The Civil Rights Movement was a turbulent period in American history, a period which exhibited unprecedented equalitarian progress. The contributions of jazz musicians were invaluable, with a particularly significant role played by Charles Mingus and his symbolic 1959 recording, “Fables of Faubus .” This song illustrated the 1957 integration of Little Rock Central High School, and the adamant opposition of Governor Orval Faubus to the 1954 Supreme Court decision. This decision, Brown v. Board of Education, mandated integration in American public schools. His song spread awareness of the injustices frequently committed in the South, even when the federal government had legislated against segregation.

 Today, though, music seems to assume the environmental niche of mere entertainment. While truly symbolic, substantive songs are produced occasionally, the preponderance of contemporary musical art being trite and shallow (with the exception of the artists that contributed to Instant Karma, an album that has increased awareness regarding the Darfur Conflict). Modern music needs to embrace activist messages, which could potentially mitigate the effects of Global Warming, the exceedingly prevalent international disregard of human rights and the injurious consequences of voter apathy, lest we permit these regressive tendencies to persist.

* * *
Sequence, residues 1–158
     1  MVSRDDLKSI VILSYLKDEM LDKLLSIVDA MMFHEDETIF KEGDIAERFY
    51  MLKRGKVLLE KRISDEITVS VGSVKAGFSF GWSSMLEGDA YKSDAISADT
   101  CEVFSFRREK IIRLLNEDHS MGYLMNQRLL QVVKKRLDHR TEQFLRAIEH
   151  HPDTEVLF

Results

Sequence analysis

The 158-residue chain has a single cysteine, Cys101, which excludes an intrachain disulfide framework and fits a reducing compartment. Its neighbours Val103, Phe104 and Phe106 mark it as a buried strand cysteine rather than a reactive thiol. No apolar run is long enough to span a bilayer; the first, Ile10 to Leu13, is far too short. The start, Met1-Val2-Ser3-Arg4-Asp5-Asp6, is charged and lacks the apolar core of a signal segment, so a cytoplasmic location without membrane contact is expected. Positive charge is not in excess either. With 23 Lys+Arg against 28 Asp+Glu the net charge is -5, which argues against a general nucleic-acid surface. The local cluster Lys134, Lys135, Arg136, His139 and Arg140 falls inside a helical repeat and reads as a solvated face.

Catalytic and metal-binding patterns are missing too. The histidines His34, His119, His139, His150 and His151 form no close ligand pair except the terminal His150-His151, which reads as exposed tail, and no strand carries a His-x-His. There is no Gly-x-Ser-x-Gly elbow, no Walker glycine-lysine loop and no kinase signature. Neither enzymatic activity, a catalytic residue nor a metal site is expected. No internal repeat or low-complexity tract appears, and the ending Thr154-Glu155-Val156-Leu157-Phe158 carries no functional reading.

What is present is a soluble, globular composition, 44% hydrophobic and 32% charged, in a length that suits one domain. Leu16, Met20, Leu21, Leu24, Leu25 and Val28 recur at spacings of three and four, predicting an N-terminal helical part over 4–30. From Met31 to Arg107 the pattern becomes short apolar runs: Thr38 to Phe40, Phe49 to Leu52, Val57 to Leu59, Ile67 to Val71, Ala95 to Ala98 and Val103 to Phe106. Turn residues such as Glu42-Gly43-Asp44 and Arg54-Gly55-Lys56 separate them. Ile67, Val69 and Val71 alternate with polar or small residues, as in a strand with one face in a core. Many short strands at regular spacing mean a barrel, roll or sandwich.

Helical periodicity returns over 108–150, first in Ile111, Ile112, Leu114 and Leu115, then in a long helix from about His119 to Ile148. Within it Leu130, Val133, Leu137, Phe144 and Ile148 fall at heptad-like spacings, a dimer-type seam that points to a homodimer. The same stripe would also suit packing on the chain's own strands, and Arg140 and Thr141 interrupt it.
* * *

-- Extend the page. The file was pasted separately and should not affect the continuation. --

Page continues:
Where are our Peg Leg Joe’s? Our contemporary Charles Mingus? Rather than producing music with the sole ambition of financial gain, I feel artists have a responsibility to incorporate altruistic messages in popular music. But we mustn’t postpone the composition of this priceless music, because these crises will inevitably escalate.

 If not us, who? If not now, when?

______________________________

 

 

 

Zach Ferguson

*

Zach Ferguson, a junior at Battle Ground High School in Battle Ground, WA, was the winner of the 2007 Accent on Youth Essay Contest. His passion for jazz and the challenges he faces as a youthful fan of it is the focus of the column.

 

You can contact Zach at: frydfrog@hotmail.com

To read Zach’s previous column, go to the next page

Share this:

Comment on this article:

Your email address will not be published. Required fields are marked *

In This Issue

Jeffrey Stewart, National Book Award and Pulitzer Prize-winning author of The New Negro: The Life of Alain Locke, is interviewed about Locke (pictured), the father of the Harlem Renaissance.

Also in this issue…A new collection of jazz poetry; "On the Turntable," a new playlist of 19 recommended recordings by five jazz artists; three new podcasts by Bob Hecht; a new “Great Encounters”; several short stories; the photography of Veryl Oakland and Charles Ingham; a new Jazz History Quiz; and lots more…

On the Turntable